25 May 2007

And So

I was off work today, first day of my holidays, Si wasn't so the day was mine. So I went into Lynn bimbled around and decided that I really needed to go to the opticians. I needed to go as I hadn't had my eyes checked for over two years, I need new contact lenses and the lens of my spectacles are scratched. Three very good reasons for anyone.

The chap who received me did the puff test which made my eyes water, then I had to place my chin on the edge of a box which had an array of bulbs that would glow green at his command. I had to tell the chap how many of the bulbs were glowing. He did my right eye first, it seem to take an age, he kept stopping to ask me in which quadrants I had seen the lights. The left eye we sailed through, not a question was asked.

Next I was ushered through to the care of the optician - first she asked me the usual questions seeing as I was a new patient I assumed. Were any members of my family diabetic? - Yes my mother; did any members of my family have high blood pressure? - Yep my mother; Does anyone in the family have glaucoma? - No, no one does. She cracked on, looked at my retinas very carefully, asked me if the letters looked clearer with "either 1 or 2.... a or b.... 3 or 4?"

Then, once she had finished with the eye test she started to talk, she told me about how my prescription had changed from when I had my glasses made up, she told me how she was very concerned and would be writing a letter to my doctors telling them to refer me to the Ophthalmologist at the hospital because I showed all the signs of the early stages of glaucoma in my right eye. There were three tests she could do as an optician, the puff test, the grid test and looking closely at the retina for all three I showed the typical indications of glaucoma - the pressure was too high, I had an arc where I was not perceiving the lights and my retina looked wrong. The good news - it looked like it was the very early stages, the disease is very treatable, the bad news I'm a bit too young to be a typical glaucoma patient, it usually manifests itself in people over 40.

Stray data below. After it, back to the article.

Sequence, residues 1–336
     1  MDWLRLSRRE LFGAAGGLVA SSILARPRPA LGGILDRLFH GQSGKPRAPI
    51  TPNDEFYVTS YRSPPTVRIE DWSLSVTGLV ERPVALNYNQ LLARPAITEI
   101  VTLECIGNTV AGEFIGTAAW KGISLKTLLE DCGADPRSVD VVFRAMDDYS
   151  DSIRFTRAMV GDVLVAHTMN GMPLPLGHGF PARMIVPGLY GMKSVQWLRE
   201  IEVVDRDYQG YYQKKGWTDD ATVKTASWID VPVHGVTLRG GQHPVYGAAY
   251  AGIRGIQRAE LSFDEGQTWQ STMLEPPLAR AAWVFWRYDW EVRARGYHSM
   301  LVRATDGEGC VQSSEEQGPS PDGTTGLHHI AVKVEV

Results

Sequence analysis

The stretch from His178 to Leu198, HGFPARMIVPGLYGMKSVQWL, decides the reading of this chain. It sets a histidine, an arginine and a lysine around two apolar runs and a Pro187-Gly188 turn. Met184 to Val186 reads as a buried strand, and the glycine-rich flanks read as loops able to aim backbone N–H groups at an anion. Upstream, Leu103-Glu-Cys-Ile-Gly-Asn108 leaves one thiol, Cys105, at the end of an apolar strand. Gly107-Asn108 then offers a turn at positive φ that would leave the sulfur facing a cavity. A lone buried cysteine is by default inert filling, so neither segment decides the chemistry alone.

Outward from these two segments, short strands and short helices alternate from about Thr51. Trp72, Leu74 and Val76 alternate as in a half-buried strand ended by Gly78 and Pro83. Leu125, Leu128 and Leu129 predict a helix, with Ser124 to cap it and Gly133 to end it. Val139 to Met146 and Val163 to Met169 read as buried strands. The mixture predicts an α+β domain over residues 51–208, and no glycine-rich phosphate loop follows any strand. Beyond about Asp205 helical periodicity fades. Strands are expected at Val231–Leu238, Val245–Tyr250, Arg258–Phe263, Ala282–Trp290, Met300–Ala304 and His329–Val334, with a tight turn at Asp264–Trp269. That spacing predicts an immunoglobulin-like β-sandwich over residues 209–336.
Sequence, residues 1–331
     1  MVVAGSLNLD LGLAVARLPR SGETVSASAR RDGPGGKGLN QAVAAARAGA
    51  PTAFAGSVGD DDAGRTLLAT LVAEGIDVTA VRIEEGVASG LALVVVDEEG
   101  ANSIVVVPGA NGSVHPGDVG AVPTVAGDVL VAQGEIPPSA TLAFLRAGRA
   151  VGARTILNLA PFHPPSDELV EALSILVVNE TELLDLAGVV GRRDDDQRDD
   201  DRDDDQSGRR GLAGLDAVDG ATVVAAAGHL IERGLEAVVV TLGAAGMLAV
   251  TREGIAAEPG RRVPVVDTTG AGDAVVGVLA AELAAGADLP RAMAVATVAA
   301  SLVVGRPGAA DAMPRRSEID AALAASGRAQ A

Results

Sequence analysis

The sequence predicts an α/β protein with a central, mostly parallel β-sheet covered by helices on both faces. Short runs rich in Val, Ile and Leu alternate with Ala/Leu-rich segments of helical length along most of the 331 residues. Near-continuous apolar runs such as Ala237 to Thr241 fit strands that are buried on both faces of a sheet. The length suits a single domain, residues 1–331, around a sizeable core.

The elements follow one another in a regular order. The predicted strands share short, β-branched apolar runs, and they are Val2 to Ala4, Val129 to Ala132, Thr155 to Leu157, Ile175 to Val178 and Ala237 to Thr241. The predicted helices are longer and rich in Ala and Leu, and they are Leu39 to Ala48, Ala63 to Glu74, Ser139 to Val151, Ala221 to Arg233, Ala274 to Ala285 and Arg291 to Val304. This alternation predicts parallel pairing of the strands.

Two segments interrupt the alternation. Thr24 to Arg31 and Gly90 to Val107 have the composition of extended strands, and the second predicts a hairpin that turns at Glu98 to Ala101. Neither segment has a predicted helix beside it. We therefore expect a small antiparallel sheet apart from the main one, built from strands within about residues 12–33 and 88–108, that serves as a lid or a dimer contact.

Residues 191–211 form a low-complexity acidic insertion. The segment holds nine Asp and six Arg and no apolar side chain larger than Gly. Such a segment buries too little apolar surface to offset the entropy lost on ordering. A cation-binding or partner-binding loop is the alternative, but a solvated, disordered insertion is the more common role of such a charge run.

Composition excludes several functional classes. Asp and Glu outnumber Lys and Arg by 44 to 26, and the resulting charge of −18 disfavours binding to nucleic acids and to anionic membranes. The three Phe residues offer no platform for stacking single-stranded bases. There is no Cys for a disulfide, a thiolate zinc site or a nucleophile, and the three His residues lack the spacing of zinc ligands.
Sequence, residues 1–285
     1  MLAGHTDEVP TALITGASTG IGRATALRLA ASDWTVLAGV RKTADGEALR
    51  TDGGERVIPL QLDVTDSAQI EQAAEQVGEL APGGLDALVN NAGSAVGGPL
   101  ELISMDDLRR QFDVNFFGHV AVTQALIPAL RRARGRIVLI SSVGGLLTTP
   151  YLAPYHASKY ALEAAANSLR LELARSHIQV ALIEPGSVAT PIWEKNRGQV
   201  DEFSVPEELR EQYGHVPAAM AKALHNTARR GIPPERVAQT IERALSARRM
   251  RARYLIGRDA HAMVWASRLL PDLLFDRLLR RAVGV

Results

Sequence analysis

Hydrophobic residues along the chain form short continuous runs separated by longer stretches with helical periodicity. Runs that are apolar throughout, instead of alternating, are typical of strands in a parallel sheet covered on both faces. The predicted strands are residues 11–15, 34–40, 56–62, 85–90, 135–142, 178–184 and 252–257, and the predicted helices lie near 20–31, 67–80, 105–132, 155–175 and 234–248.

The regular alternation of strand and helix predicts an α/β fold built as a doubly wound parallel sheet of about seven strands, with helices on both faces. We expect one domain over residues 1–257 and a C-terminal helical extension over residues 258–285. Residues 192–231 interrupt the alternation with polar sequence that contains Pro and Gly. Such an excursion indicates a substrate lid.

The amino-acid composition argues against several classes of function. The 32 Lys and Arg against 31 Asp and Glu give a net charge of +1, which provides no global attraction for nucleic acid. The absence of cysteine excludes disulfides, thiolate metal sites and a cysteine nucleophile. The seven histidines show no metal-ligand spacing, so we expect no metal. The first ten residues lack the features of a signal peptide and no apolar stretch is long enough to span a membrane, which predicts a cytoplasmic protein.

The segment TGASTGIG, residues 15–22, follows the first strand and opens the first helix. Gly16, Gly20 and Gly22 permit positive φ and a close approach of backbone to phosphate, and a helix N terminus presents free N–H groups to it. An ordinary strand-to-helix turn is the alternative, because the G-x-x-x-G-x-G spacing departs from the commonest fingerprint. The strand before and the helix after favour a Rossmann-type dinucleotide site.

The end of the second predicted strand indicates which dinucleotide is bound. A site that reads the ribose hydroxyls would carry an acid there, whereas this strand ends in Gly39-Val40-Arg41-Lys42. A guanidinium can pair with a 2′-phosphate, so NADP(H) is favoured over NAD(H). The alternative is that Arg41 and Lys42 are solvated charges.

They redid the puff and grid tests because the hospital likes consistency - they'll be pleased with me.

It's not been confirmed I might not have glaucoma but as far as I can tell it's quaking like a duck, it's walking like a duck and it sure as looks like a duck so I'm not really expecting any other diagnosis when I do see the consultant.

How do I feel? I feel very dropped on, I wasn't expecting this, I have no obvious symptoms, it doesn't hurt. But I now face a lifetime of eye drops to stave off the risk of going partially sighted or blind. However that is far better then a prognosis of blindness or permanent disability, I don't have that and if it means that from the age 40 my brother will get free eye test I'm sure that I should get a freebie or two myself.

10 comments:

  1. Oh jeez! Well at least it's been spotted early.

    ReplyDelete
  2. ack. Sorry to hear that, but as Steg says its good its been spotted early.

    ReplyDelete
  3. Bummer but as everyone's saying, good that it's spotted before it was giving you problems. Hope it all goes smoothly.

    ReplyDelete
  4. I hope everything goes as well as it possibly can. Fingers crossed for you.

    ReplyDelete
  5. Yow. Sorry, honey. And, what everyone else said.

    ReplyDelete
  6. Sorry to hear about that. If it is glaucoma then at least you've caught it early before it has caused much damage, and there are treatments available. I hope the consultant can give you some better news.

    ReplyDelete
  7. I am very nearsighted and have been seeing a real eye doctor for decades. I only go to ophthalmologists. Every year I get the full checkup.

    The real eye doctor who has a PhD, the fake eye doctor does not. Go see a real doctor and forget about the eye glasses shop "doctor" who has limited equipment. Your eye sight is worth it.

    I have worn glasses since the third grade.

    ReplyDelete
  8. Thanks all

    Iggy - It was a real optician I saw she will have done a specialist degree in Optometry and as she is licensed to give prescriptions for glasses she's not like the bored lass in Wal-mart who helps you buy some off the shelf reading glasses.

    ReplyDelete
  9. hopefully it'll all be okay, and they have spotted it early, as everyone has said, which is a blessing of sorts i guess.
    anyhow fingers will be crossed for you.....

    ReplyDelete
  10. Sorry to hear about that :-( glad they caught it quick - fingers crossed it all works out for you.
    x

    ReplyDelete